To ensure that there is no misunderstanding of any kind, please say these words out loud, slowly and clearly: Michael Brown is not comparing homosexuality to pedophilia. Michael Brown is not calling homosexuals pedophiles. Michael Brown is not comparing a mutually consensual, adult relationship to an abusive, adult-child relationship.
What I am comparing is an illogical justification of homosexuality that can just as easily be used to justify pedophilia.
Please allow me to explain.
In the past, I have demonstrated how advocates of “man-boy love” have used the identical arguments that gay activists have used, specifically:
1) Pedophilia is innate and immutable.
2) Pederasty is richly attested in many different cultures throughout history.
3) The claim that adult-child sexual relationships cause harm is greatly overstated and often completely inaccurate.
4) Consensual adult-child sex can actually be beneficial to the child.
5) Pederasty should not be classified as a mental disorder, since it does not cause distress to the pederast to have these desires and since the pederast can function as a normal, contributing member of society.
6) Many of the illustrious homosexuals of the past were actually pedophiles.
7) People are against intergenerational intimacy because of antiquated social standards and puritanical sexual phobias.
8) This is all about love and equality and liberation.
Returning to the first argument, namely, that pedophilia is innate and immutable, I wrote in 2014, “In case you’ve missed the latest headlines, we are now being told with increasing certainty that pedophilia is innate and immutable . . . .”
In keeping with this, there are now academic papers with titles like, “Potential Implications of Research on Genetic or Heritable Contributions to Pedophilia for the Objectives of Criminal Law.” And there are discussions on psychology forums asking, “Is Pedophilia Genetic?”
You say, “But what does this have to do with God, who is mentioned in the title to your article?”
The answer is simple. The first openly gay presidential candidate, Pete Buttigieg, attributes his homosexuality to the Lord, recently directing these comments to Vice President Mike Pence: “If you’ve got a problem with who I am, your problem is not with me. Your quarrel, sir, is with my creator.”
In other words, according to Buttigieg, “God made me gay, and if you don’t like that, your issue is with God.”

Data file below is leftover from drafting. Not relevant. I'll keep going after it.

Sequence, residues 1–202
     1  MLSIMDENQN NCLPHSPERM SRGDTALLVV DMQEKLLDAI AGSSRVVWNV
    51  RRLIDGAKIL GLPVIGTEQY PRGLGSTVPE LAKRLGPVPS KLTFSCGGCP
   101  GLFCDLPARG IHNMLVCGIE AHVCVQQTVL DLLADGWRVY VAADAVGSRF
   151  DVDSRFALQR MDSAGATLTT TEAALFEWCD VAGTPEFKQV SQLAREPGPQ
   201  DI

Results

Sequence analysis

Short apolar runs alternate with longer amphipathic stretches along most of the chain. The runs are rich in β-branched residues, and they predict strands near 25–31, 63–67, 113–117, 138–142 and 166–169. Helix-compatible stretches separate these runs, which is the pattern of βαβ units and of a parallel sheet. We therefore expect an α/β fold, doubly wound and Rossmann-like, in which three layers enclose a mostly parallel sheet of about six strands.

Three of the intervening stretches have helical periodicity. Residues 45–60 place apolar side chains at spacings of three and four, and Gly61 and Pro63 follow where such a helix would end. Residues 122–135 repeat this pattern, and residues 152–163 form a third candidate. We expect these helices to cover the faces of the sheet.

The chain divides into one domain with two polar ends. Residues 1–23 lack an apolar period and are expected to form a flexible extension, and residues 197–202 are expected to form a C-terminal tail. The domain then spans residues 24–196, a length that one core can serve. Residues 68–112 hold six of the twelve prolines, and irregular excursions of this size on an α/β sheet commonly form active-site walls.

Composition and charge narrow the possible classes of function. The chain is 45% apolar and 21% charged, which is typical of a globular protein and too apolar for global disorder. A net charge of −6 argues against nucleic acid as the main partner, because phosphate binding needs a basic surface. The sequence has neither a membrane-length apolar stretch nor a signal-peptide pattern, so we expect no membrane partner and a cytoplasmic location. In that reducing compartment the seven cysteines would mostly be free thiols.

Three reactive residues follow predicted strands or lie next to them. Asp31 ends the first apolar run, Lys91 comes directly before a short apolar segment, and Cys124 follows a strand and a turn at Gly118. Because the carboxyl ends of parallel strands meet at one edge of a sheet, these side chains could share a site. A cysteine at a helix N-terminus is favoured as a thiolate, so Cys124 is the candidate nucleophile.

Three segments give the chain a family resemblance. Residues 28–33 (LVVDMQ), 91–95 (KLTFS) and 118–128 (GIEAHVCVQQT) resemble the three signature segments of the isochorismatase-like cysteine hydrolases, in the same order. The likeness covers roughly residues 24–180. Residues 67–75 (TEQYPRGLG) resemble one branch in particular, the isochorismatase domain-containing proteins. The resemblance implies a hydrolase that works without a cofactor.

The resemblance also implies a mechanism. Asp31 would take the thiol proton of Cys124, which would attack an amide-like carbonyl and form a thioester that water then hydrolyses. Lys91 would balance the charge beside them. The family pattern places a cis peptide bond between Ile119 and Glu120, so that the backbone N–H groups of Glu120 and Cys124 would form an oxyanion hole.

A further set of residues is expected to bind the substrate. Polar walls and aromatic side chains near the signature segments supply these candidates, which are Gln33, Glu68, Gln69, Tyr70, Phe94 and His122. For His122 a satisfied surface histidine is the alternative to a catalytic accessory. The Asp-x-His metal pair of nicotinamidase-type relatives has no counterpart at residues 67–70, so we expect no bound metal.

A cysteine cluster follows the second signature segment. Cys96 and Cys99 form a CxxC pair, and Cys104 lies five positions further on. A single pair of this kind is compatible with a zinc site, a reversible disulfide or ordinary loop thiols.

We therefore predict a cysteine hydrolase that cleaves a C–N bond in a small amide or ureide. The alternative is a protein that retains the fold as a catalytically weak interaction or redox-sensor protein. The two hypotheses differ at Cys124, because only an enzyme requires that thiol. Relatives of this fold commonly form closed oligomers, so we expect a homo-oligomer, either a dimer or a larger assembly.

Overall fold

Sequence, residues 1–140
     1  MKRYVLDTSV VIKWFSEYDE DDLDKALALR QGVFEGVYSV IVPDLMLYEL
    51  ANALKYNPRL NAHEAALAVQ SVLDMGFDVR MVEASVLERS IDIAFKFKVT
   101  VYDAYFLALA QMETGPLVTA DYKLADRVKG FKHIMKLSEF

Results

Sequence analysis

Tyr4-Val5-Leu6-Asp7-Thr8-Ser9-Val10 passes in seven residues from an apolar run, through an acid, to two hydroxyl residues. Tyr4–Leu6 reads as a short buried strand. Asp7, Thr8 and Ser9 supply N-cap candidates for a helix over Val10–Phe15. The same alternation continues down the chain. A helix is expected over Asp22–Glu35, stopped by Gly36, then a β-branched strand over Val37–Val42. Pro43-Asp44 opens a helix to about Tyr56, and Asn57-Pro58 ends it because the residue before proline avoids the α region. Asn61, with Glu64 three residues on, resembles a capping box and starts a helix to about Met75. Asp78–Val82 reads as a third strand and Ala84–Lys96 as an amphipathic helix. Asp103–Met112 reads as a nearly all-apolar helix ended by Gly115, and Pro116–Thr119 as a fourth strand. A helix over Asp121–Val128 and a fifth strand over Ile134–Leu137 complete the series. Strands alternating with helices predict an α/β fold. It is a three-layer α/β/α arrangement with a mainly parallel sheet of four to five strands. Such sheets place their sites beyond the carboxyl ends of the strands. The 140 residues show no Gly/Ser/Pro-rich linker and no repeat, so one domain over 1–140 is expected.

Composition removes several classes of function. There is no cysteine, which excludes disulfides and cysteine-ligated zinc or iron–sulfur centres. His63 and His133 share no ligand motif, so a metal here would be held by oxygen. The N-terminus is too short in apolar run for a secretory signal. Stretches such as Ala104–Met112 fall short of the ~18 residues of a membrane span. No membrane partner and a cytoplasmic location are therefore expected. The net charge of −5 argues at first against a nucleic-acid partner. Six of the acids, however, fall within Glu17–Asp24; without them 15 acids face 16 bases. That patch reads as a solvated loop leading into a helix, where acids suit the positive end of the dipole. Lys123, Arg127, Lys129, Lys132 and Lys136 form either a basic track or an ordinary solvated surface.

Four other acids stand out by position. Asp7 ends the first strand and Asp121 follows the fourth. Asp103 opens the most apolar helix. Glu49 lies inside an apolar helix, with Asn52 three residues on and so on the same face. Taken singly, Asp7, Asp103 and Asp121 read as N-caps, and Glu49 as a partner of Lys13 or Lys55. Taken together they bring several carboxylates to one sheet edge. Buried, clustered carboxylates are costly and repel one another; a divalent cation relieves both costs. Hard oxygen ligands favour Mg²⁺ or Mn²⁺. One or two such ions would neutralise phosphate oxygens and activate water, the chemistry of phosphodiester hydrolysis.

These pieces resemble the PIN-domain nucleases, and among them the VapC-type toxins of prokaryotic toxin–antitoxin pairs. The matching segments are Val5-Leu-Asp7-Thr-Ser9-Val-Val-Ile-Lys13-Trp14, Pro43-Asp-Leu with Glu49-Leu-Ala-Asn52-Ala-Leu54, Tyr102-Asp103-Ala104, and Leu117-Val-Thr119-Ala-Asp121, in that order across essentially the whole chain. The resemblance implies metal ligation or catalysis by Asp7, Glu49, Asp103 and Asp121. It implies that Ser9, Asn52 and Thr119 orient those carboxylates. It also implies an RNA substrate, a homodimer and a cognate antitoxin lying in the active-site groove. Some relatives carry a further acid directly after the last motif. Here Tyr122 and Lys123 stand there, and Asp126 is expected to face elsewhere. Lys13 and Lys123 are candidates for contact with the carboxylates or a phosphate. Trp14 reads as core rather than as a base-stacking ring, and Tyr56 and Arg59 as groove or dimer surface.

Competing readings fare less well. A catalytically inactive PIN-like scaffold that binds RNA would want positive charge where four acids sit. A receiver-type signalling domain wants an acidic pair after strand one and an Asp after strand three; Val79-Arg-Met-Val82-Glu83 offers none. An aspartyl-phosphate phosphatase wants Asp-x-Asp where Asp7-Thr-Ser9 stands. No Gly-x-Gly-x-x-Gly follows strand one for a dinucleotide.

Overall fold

According to Buttigieg, when he was younger – 15, 20, or even 25 years-old – if there was a pill he could have taken not to be gay he would have taken it instantly. Now, however, he is thrilled with his life, especially because of his “marriage” to his partner Chasten.
Personally, I don’t doubt that he and Chasten care deeply for each other. And I don’t doubt that, in certain ways, they have enriched each other’s lives. Most importantly, I don’t doubt that, to the core of his being, Buttigieg believes he was born gay and cannot change.
That is not my issue, nor am I his personal judge and jury.
My issue is the claim that, “If I feel a certain way and I cannot change, then this is how God made me.”
That’s the exact same logic a pedophile can use: “I never asked for these desires. I tried to change and cannot. This must be the way God made me. If you don’t like it, your issue is with God.”
You say, “But you’re comparing apples with oranges. First and foremost, Buttgieg and Chasten are consenting adults and their relationship is non-abusive, based on love.”
Then why bring up the “born that way” argument? Why say, “God made me this way?” Why not just say, “My relationship to my partner is just as valid and good as any heterosexual relationship on the planet?”
That’s my whole point.
If we argue that a certain disposition or feeling or attraction or desire must be attributed to God because it is so deep-seated, then we open up a Pandora’s box of confusion.
Many married heterosexual men struggle with adulterous thoughts and desires. Can they say, “But this is how God made me!”? Should their wives just accept that this is how they are wired?
What about those who, to the core of their being, struggle with pride? Or anger? Or greed? Or jealousy?
What does this prove? It proves that we are a fallen, broken race in need of a Savior.
And what about the claims of a violent gene or a selfish gene or an obesity gene?
Do we therefore celebrate violence, selfishness, or obesity, if, in fact, they are genetic? Or, if we have these alleged genetic tendencies, do we work harder to overcome them?
You protest once again, “You just don’t get it! All these things you listed, from adulterous thoughts to pride, anger, greed, violence, and obesity, are all bad. But same-sex love is fine. It’s just traditional society and religion that reject it.”
Of course, I differ with your assessment of homosexual relationships, but once again, you’re missing the point.
If same-sex love is beautiful and something to celebrate, then don’t attribute it to the way you were born. Don’t say, “This must be right because it’s innate and immutable.”
Unfortunately for gay activists, much of their movement was founded on the argument that “I was born this way and can’t change,” making homosexuality the new black.
Now that this argument is being debunked scientifically and anecdotally, the very foundations of gay activism are being shaken, including the argument that “God made me gay.”
But either way, to attribute all of our deepest, most ingrained desires to God is to make a massive mistake, blaming the Creator for the fallen condition of the creation.
The bad news is that, by nature, we have some deep moral problems. The good news is that Jesus can redeem us.
And Mayor Pete, if you have a problem with what I’ve written, your quarrel, sir, is not with me. It’s with God.